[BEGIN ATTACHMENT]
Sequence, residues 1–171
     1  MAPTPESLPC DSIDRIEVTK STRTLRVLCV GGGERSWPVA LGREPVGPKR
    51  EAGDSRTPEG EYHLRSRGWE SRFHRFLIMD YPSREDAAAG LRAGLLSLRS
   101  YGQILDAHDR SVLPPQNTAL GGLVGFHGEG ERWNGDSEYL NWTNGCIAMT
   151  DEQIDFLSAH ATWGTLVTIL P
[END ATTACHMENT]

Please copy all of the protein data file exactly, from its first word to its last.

Sequence, residues 1–171
     1  MAPTPESLPC DSIDRIEVTK STRTLRVLCV GGGERSWPVA LGREPVGPKR
    51  EAGDSRTPEG EYHLRSRGWE SRFHRFLIMD YPSREDAAAG LRAGLLSLRS
   101  YGQILDAHDR SVLPPQNTAL GGLVGFHGEG ERWNGDSEYL NWTNGCIAMT
   151  DEQIDFLSAH ATWGTLVTIL P